We sat down with new artist Lisa Lloyd to discuss her stunning artworks, her incredible eye for detail, and the future of her art.
AR: Where do you take your inspiration from? What/who are your biggest influences?
Lisa: My main inspiration comes from nature, I love the intricate details, patterns and textures. I have a background in graphic design, animation and music videos so I try and fuse it all together - I want to create work that is full of energy and movement.
AR: Photographing your work is a big part of your creative process, can you tell us why that is?
Lisa: Photographing the work myself is an important part of the process. When I take the shot I want to feel like a wildlife photographer- catching a split second of an animal's movement. I want the creatures in my images to feel alive and dynamic.
AR: How important is the use of colour in your work?
Lisa: I love the way colour makes me feel, it feels very mindful when I’m working with all the coloured paper, blending them together and finding what works is really exciting.
AR: You have an incredible eye for detail, how important are the little things in your designs?
Lisa: Thank you! The details are so important. They make an animal look like they are alive and breathing. They are also vital to holding the image together - creating focal points amongst the textures and patterns.
AR: What draws you to paper as a medium?
Lisa: I love the tactile quality of paper, the colours and different finishes. It has a mind of its own, so it’s fun wrangling it into the shapes and designs I want.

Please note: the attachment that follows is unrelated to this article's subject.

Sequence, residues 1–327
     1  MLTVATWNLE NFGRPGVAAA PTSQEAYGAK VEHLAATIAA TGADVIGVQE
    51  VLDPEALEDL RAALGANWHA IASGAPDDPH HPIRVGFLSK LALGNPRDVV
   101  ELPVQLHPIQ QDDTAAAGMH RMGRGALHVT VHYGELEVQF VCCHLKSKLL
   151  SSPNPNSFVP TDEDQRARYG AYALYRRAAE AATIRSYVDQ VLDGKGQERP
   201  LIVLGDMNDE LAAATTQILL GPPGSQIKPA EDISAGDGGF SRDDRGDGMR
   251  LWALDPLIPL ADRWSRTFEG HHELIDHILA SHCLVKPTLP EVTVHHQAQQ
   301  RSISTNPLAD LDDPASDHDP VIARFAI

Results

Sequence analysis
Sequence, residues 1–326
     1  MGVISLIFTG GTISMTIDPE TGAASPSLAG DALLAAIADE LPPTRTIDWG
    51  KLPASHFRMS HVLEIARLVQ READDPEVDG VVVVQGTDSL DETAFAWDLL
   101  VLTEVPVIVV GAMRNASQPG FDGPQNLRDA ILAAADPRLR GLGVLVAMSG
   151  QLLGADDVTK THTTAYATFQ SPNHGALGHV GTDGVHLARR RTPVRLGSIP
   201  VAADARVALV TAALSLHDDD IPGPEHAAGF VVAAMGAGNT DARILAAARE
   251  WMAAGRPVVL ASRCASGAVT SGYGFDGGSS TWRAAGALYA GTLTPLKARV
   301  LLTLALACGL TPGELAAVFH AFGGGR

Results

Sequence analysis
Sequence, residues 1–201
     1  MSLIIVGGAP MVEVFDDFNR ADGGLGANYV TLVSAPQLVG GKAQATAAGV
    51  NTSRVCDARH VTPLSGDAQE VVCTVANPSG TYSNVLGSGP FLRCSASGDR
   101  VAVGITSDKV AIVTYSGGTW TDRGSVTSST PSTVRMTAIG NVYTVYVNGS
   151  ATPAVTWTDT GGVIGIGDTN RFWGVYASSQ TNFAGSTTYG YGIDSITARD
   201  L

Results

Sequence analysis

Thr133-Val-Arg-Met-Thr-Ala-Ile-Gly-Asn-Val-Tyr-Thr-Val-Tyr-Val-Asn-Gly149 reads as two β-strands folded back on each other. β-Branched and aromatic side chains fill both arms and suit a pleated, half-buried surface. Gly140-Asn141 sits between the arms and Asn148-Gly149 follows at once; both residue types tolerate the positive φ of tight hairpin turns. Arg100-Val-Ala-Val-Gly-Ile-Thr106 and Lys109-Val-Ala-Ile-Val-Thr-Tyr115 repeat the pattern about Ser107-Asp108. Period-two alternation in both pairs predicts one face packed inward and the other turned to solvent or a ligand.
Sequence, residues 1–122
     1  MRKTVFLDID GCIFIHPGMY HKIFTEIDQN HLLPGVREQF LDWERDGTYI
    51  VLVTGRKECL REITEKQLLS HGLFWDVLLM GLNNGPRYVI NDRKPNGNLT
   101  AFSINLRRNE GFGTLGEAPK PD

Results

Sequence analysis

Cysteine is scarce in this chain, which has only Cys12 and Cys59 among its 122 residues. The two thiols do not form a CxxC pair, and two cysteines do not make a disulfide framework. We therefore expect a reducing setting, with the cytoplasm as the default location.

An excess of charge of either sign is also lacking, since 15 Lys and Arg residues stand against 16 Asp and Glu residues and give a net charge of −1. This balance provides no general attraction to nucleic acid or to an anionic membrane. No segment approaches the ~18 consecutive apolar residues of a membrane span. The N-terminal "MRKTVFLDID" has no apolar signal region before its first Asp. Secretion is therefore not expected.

AR: How long does it take you to finish and then photograph each work of art? Can you tell us more about your process?
Lisa: An average piece takes 6-8 weeks to complete and then I’ll spend a couple of days lighting and photographing it. My usual process is to research the subject by looking online or visiting the real thing/museums if I can. I then do a sketch in oil pastels to work out the design and colours, then make a rough prototype in paper and card and then go into final production.
AR: How has your style developed over the years?
Lisa: My work has developed from paper illustrations for magazines, to ‘true to life’ commissions for commercial and private collectors and more recently abstract pieces for commercial clients and for myself. As time has gone on I’ve been able to work purely from nature and have had more opportunities to create abstract pieces.
AR: Describe your work in three words.
Lisa: Texture, colour, movement.
AR: Do you have a favourite piece of yours?
Lisa: I think my two most recent pieces are my favourites, the heron and pangolin. I’ve had the idea of them for so long, it feels great to finally get them out of my head into existence!
AR: What is your workspace setup like? Has the pandemic changed the way you work at all?
Lisa: I am really lucky to have my own private studio in a shared building, so I was already working in isolation but with the benefit of having lovely creative people around me too. I’m a working mum so I was already pretty good at managing my time, but homeschooling and working during the pandemic took things to a whole new level - I’m so focused now when I’m at work.
AR: Where do you see your art going in the future?
Lisa: I’m so happy to be creating abstract pieces - it’s what I’ve wanted to do for so long and I feel so lucky to finally be able to do it. I have so many ideas that I want to get out, so I’m hoping my future is going to be creating more vibrant, abstract work that becomes more accomplished and freer as I go.
AR: If you could give one tip to new art collectors, what would it be?
Lisa: As an artist it’s so lovely when a person buys my work, I feel instantly connected to them and grateful for their support. I always love to hear from them and see where the work is in their space. It’s lovely to see the work in an entirely different setting.
Make sure to check out Lisa's stunning new prints here.